Former Yale quarterback Patrick Witt supposedly gave up a chance to win a Rhodes Scholarship for a chance to play a game against arch rival Harvard, but a new report in The New York Times says there may have been another reason why he gave up his shot at Oxford. The paper says he was accused of sexual assault by a fellow student last fall and that it was the Rhodes Trust that suspended his candidacy after an anonymous source alerted them to the charge.

The story by Times reporter Richard Perez-Pena timelines how what began as quirky story about character at the intersection of sports and academics unraveled into something much more unseemly. Witt generated a lot of attention last November after the news came out that he was considering skipping his final Rhodes interview to attend the Harvard game, because they were scheduled on the same day in different cities. Some saw it as a selfless act of loyalty to his teammates and his school, while others found it another distasteful example of athletics trumping academics. (Myron Rolle, a defensive back at Florida State, had faced a similar dilemma three years earlier, but ended up doing both. He took the interview in Alabama, then flew a private jet supplied by his university to the night game in Maryland, and arrived before the second half. He got the scholarship and was later drafted by the NFL.)

Witt eventually withdrew from Rhodes consideration and played in the game (which Yale lost), but according to The Times, his statement on the matter contained a key grammatical quirk that the media failed to pick up on. “I will be playing in the Yale-Harvard game this Saturday” and “I have withdrawn my application for the Rhodes scholarship” were two separate sentences. While it was implied that the one caused the other, the new allegation suggests that wasn't the case. Shortly before the interview, Yale was reportedly told that Witt's candidacy was suspended unless they wanted to re-endorse it, which they did not. Both the school and Witt refused to comment.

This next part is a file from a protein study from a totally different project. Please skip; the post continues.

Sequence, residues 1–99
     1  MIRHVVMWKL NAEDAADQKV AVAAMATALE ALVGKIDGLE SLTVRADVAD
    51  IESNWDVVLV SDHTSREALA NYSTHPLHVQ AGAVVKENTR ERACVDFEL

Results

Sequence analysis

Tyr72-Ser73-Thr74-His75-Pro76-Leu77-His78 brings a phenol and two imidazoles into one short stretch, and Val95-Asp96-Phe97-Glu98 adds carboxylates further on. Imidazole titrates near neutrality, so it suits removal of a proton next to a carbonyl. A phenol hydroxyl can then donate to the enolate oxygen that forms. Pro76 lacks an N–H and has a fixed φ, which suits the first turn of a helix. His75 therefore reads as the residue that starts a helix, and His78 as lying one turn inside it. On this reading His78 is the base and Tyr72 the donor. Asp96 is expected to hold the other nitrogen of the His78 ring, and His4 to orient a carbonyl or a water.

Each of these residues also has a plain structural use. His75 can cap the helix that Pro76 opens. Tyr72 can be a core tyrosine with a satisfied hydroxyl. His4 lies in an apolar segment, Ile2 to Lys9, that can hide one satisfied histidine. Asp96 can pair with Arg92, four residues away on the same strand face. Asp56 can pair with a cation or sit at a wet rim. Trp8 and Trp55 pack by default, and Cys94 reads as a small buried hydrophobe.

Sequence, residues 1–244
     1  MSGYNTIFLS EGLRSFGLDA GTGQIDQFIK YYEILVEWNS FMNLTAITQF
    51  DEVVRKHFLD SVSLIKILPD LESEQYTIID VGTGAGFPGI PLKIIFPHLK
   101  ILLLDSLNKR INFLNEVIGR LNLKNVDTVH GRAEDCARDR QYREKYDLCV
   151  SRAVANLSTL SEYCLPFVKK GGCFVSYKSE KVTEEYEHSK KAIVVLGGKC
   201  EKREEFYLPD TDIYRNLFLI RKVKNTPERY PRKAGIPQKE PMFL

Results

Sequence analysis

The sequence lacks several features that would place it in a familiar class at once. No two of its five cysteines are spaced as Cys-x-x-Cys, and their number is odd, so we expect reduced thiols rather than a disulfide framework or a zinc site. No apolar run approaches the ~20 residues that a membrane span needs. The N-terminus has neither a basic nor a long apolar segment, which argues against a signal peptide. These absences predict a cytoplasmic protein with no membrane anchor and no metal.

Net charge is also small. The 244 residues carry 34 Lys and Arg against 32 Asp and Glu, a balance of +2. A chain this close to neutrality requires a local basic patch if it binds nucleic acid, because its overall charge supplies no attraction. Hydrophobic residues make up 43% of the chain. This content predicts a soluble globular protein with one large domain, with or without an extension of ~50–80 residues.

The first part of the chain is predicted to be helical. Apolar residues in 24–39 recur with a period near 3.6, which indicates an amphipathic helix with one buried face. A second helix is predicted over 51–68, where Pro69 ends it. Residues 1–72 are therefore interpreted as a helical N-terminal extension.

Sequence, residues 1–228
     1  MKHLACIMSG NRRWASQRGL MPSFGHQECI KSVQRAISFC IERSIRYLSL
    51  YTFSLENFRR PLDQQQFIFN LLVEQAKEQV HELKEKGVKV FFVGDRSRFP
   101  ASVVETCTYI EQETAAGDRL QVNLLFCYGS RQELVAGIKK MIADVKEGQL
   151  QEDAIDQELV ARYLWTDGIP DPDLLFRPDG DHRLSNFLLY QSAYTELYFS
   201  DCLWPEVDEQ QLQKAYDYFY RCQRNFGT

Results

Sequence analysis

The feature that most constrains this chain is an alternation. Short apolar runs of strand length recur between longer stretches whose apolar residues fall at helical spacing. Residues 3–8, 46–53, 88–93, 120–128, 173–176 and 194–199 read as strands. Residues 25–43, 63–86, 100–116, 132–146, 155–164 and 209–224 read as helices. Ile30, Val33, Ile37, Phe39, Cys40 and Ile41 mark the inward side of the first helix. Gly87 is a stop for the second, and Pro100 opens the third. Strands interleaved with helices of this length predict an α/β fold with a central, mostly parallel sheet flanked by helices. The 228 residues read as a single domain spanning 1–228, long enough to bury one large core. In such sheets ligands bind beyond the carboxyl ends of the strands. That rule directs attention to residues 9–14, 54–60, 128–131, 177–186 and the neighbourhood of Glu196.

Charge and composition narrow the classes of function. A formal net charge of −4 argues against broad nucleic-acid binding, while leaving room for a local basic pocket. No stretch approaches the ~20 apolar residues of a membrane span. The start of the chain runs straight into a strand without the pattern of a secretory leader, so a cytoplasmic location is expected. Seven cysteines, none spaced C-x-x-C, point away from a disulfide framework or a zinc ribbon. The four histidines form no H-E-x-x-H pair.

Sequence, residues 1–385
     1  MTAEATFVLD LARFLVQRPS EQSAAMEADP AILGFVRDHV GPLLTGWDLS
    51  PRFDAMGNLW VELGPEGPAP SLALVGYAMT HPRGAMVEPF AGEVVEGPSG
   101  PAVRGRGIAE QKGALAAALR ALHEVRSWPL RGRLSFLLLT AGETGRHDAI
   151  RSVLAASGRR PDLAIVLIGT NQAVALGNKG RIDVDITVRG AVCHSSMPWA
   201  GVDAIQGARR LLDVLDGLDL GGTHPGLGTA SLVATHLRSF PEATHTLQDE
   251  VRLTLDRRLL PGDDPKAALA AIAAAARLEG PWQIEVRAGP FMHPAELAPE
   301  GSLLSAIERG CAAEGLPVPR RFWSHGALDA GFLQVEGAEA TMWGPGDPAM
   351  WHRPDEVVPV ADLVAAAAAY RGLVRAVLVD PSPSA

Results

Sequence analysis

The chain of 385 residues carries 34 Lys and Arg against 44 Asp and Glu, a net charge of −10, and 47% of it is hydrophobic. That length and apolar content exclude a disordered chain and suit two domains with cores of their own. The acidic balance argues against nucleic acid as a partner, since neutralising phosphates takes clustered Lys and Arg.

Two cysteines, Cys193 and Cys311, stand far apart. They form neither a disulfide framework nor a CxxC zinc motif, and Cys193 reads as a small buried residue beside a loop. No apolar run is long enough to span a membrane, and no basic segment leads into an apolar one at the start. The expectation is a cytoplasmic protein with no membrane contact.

Perez-Pena lays out other details that paint an even more unflattering portrait of Witt's career — how he attended four high schools and two colleges in search a team where he could start at quarterback; that he was a member of a notorious fraternity that was banned from Yale's campus for sexual harassment of female students; two off-campus arrests related to drunken disturbances. The Rhodes ordeal also cost Witt's head coach, Tom Williams, his job after he lied about himself being considered as a Rhodes candidate when he was a student. He resigned from his post after the season ended.

The sexual assault complaint itself doesn't appear to have been resolved yet and Witt has not yet graduated from Yale. Whether the allegations turn out to be true or not, they now hang over Yale, Witt, and college football as yet another ugly tale for a sport that's had too many of them of late. He still hopes to play in the NFL some day, but will now face a very different set of questions about his character.

UPDATE: Alex Klein, a former editor at the Yale Daily News, writes on Romensko.com that his old student newspaper knew about the sexual assault allegation two months ago — before Witt announced that he was no longer a candidate — but chose not to pursue  it. Another former editor, Vivian Yee, contributed to The New York Times story.